Teresa Bear

Company: JC Grason of Mesa, LLC
Position/Title:
CFP, CPA, MCA, IAR
Phone:
480-503-0050
E-Mail:
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Website:
http://www.TeresaBear.com
Facebook:
http://www.facebook.com/pages/JC-Grason-of-Mesa/146137045487645
Twitter:
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LinkedIn:
http://www.linkedin.com/in/teresabear

Bio

Author of the book "She Retired Happily Ever After", Teresa Bear specializes in retirement planning and asset preservation for retirees and their loved ones. Teresa Bear has been a CPA practicing in the area of taxation for over 25 years. Additionally she is a CERTIFIED FINANCIAL PLANNER who combines that tax knowledge with her expertise with investments. She is definitely “Smarter Than the Average Bear!" Investment Advisory Services offered through Brookstone Capital Management, LLC, an SEC Registered Investment Advisor. Brookstone Capital Management, LLC is not affiliated with JC Grason of Mesa LLC.

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Equal, Yet Separate

5 September 2014, 8:12 pm

The U.S. Declaration of Independence declares that all men are created equal and endowed with certain unalienable rights -- such as life, liberty and the pursuit of happiness. However, new research from Stanford indicates the pursuit of happiness is increasingly aligned with affordability. The study asserts that America's cities are becoming more divided into two distinct groups, with college-educated workers clustered in more desirable locales that less-educated people cannot afford.

The paper reports that the economic divide between high-skill workers and those without a college education increased by 67 percent from 1980 to 2000. As a result, American cities that feature higher paying jobs also have higher housing expenses -- and a better quality of life. The study suggests that cities with a higher cost of living offer residents who can afford to live there more amenities for quality living, such as entertainment, educational opportunities, better air quality and lower crime rates.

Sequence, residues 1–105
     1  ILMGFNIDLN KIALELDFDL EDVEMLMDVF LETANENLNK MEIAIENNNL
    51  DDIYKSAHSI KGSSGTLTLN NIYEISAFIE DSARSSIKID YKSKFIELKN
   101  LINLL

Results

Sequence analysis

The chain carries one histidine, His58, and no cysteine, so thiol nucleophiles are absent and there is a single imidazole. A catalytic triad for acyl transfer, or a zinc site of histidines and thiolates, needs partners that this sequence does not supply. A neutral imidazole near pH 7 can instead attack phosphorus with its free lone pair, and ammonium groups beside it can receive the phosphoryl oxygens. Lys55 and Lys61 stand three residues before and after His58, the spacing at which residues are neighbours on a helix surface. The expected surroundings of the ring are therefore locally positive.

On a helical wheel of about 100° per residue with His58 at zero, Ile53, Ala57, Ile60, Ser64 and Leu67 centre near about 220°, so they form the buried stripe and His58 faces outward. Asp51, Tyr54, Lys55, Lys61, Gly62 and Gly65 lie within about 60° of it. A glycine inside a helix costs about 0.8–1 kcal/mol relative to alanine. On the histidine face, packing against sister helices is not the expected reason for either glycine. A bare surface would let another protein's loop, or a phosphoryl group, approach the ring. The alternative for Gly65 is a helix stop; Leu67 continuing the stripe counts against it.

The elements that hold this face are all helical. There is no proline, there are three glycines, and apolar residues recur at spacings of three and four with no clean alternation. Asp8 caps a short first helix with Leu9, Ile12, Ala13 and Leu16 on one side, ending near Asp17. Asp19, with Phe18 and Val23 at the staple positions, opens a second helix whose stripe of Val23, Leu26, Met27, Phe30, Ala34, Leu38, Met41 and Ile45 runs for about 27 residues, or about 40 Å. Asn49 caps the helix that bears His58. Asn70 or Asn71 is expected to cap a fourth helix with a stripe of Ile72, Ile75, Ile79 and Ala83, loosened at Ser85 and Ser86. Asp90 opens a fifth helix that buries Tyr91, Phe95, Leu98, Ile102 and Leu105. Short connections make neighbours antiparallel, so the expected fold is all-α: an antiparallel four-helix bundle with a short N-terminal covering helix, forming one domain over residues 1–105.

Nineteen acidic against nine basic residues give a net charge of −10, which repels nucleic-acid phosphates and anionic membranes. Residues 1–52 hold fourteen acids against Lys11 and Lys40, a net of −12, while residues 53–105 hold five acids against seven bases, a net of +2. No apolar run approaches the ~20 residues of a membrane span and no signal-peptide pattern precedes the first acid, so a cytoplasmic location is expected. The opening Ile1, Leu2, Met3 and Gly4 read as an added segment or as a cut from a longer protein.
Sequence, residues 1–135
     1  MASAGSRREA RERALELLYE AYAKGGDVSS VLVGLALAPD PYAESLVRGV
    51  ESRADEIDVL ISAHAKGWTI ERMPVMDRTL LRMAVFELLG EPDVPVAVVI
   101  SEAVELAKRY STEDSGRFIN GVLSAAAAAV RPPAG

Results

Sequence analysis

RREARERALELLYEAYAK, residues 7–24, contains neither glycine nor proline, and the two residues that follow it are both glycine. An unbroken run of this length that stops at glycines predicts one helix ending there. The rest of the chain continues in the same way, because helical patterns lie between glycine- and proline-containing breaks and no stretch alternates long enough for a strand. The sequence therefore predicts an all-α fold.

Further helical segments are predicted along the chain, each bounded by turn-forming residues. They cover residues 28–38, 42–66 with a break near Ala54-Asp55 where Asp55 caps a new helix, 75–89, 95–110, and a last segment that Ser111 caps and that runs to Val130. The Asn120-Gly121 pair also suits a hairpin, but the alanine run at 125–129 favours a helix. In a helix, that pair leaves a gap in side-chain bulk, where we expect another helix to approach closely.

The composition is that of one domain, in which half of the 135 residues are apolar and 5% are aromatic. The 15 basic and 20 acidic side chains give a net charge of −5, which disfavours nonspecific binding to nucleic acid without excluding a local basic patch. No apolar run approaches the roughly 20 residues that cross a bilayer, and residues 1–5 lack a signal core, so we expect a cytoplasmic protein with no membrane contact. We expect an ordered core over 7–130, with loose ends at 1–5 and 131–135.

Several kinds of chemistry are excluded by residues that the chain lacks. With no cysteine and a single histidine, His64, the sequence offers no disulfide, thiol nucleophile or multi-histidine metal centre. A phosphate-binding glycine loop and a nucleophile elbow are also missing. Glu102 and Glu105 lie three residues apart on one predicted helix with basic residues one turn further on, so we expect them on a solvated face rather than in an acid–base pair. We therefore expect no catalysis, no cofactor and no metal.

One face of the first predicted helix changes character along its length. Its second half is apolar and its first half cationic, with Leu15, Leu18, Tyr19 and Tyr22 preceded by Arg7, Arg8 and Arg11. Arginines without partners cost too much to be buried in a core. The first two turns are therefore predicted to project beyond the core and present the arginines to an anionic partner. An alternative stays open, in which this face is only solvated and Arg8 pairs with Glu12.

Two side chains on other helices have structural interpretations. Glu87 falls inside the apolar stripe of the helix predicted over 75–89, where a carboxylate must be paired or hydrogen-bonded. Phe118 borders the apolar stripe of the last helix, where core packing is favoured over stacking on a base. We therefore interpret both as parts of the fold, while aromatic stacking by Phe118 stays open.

[CLICK HERE to read the article, "Rebecca Diamond: What is Happening to America's Cities?" at Stanford Business, July 8, 2014.]

[CLICK HERE to read the article, "Has Income Inequality Lessened Under Obama?" at msnbc.com, July 24, 2014.]

While the 14th Amendment of the Constitution guarantees protection under the law to all citizens, for more than 50 years a doctrine citing "separate but equal" policy allowed the government to permit services, facilities, public accommodations, housing, medical care, education, employment and transportation to be separated along racial lines as long as the quality of each group's public facilities was equal. That doctrine was overturned by a series of Supreme Court decisions starting in 1954.

[CLICK HERE to read an explanation of "Separate but Equal," at Boundless.com, accessed Aug. 15, 2014.]

This year marks the 60th anniversary of the landmark Supreme Court decision in Brown v. Board of Education, whose ruling supposedly ended the "separate but equal" system of societal segregation. Debates still continue as to whether desegregation truly exists in all areas of the country, but that issue could merge with the recent attention to today's updated form of income inequality, economic mobility and even geographic segregation.